Children labour in agriculture throughout the world. The industrialized world in no exception. Of the 2 million children under age 19 who reside on United States farms and ranches, an estimated 100,000 are injured each year in incidents related to production agriculture. They are typically children of either farmers or farm employees (National Committee for Childhood Agricultural Injury Prevention 1996). Agriculture is one of the few occupational settings in both developed and developing countries where children can engage in work typically done by adults. Children are also exposed to hazards when they accompany their parents during work and during leisure-time visits to the farm. The primary agents of farm injuries are tractors, farm machinery, livestock, building structures and falls. Children are also exposed to pesticides, fuels, noxious gases, airborne irritants, noise, vibration, zoonoses and stress. Child labour is employed on plantations around the world. Children work with their parents as part of a team for task-based compensation on plantations and as migrant farmworkers, or they are employed directly for special plantation jobs (ILO 1994).

Table 2. Illicit drug cultivation, 1987, 1991 and 1995

Crop

Product

Hectares cultivated

   

1987

1991

1995

Opium poppy

Opiates

112,585

226,330

234,214

Coca (leaf)

Cocaine

175,210

206,240

214,800

Cannabis

Marijuana

24,423

20,919

12,205

Source: US Department of State 1996.

Some of the problems and conditions of the migrant labour and child workforce as discussed elsewhere in this chapter and in this Encyclopaedia.

Illicit Drug Crops

Some crops do not appear in official records because they are illicit. These crops are cultivated to produce narcotics for human consumption, which alter judgement, are addictive and can cause death. Moreover, they add to the loss of productive land for food production. These crops comprise the poppy (used to make opium and heroine), coca leaf (used to make cocaine and crack) and cannabis (used to produce marijuana). Since 1987, world production of the opium poppy and coca has increased, and cultivation of cannabis has decreased, as shown in table 2). Five links are involved in the farm-to-user chain in the illicit drug trade: cultivation, processing, transit, wholesale distribution and retail sale. To interdict the supply of illicit drugs, governments concentrate on eradicating the production of the drugs. For example, eliminating 200 hectares of coca can deprive the drug market of about one metric ton of finished cocaine for a period of 2 years, since that is how long it would take to grow back mature plants. The most efficient means for eliminating the crops is through aerial application of herbicides, although some governments resist this measure. Manual eradication is another option, but it exposes personnel to violent reaction from the growers (US Department of State 1996). Some of these crops have a legal use, such as the manufacture of morphine and codeine from opium, and exposure to their dusts can lead to narcotic hazards in the workplace (Klincewicz et al. 1990).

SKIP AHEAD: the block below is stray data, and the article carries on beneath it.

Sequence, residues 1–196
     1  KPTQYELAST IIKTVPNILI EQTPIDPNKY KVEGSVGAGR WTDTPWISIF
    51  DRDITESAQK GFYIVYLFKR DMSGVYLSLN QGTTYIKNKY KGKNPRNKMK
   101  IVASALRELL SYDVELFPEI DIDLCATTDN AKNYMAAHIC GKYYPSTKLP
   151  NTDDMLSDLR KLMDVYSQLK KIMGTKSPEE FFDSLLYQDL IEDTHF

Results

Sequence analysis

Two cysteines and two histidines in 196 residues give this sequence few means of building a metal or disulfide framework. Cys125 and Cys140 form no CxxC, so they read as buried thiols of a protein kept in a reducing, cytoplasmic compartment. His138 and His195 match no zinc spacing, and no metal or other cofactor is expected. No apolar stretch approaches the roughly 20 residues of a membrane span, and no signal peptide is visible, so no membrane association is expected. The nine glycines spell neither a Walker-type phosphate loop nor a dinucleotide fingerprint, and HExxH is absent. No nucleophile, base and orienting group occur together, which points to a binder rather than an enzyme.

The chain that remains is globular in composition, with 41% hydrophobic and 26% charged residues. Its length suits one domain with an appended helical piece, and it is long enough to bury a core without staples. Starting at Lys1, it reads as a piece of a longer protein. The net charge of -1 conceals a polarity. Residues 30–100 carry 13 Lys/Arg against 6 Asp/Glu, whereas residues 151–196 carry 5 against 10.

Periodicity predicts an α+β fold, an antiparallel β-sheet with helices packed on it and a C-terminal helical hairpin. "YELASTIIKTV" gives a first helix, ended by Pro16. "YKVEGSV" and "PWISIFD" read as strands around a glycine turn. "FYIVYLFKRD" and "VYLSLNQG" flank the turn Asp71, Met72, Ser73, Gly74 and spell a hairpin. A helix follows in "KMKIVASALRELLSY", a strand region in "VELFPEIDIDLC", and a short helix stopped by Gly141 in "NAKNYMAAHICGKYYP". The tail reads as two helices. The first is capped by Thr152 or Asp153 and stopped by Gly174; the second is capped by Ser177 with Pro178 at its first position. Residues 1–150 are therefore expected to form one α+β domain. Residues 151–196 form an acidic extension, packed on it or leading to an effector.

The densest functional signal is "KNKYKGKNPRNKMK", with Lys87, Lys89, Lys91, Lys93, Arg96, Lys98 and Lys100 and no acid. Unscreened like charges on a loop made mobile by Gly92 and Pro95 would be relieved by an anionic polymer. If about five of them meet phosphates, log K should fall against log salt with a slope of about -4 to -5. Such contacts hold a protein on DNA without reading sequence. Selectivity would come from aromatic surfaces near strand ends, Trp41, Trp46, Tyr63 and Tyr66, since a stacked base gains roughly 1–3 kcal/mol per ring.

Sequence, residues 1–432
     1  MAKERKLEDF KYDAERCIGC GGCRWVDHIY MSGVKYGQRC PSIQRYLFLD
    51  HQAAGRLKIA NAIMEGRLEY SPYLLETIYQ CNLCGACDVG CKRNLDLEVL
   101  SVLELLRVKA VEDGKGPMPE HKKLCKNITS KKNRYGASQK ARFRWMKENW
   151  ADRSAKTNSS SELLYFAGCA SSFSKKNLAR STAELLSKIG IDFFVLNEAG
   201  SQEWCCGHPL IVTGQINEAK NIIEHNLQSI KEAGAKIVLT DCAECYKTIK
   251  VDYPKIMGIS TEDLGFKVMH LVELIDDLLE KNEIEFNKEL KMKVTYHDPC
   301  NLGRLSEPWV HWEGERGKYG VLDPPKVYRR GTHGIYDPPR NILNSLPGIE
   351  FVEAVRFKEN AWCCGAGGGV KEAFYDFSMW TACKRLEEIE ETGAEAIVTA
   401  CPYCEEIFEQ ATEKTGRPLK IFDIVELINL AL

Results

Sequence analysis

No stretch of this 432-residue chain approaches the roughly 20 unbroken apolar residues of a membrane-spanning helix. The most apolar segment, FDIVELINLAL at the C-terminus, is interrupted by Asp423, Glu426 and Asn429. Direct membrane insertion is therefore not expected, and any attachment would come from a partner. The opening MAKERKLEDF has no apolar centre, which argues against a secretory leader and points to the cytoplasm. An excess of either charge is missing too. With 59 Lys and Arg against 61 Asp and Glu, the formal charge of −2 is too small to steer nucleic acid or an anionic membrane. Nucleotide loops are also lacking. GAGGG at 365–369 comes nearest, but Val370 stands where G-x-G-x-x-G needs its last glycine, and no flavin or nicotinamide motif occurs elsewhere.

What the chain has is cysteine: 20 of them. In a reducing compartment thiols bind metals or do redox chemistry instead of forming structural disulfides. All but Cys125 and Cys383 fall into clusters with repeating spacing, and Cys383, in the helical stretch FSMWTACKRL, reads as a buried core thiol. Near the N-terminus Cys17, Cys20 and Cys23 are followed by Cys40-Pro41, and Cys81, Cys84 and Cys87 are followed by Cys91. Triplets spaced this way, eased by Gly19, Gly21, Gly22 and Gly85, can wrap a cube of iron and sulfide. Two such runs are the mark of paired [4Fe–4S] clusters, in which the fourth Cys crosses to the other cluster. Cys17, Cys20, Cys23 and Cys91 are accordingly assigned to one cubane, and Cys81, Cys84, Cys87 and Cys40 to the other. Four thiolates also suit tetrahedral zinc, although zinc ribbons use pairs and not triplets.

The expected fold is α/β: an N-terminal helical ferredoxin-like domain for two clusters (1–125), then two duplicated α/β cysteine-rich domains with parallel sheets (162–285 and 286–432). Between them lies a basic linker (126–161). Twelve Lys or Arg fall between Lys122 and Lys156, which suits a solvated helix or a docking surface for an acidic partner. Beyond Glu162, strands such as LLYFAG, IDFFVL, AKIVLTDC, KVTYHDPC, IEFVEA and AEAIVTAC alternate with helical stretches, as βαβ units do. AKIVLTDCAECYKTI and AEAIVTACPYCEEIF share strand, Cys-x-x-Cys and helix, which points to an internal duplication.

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Contents

Preface
Part I. The Body
Part II. Health Care
Part III. Management & Policy
Part IV. Tools and Approaches
Part V. Psychosocial and Organizational Factors
Part VI. General Hazards
Part VII. The Environment
Part VIII. Accidents and Safety Management
Part IX. Chemicals
Part X. Industries Based on Biological Resources
Agriculture and Natural Resources Based Industries
Farming Systems
Food and Fibre Crops
Tree, Bramble and Vine Crops
Specialty Crops
Beverage Crops
Health and Environmental Issues
Beverage Industry
Fishing
Food Industry
Forestry
Hunting
Livestock Rearing
Lumber
Paper and Pulp Industry
Part XI. Industries Based on Natural Resources
Part XII. Chemical Industries
Part XIII. Manufacturing Industries
Part XIV. Textile and Apparel Industries
Part XV. Transport Industries
Part XVI. Construction
Part XVII. Services and Trade
Part XVIII. Guides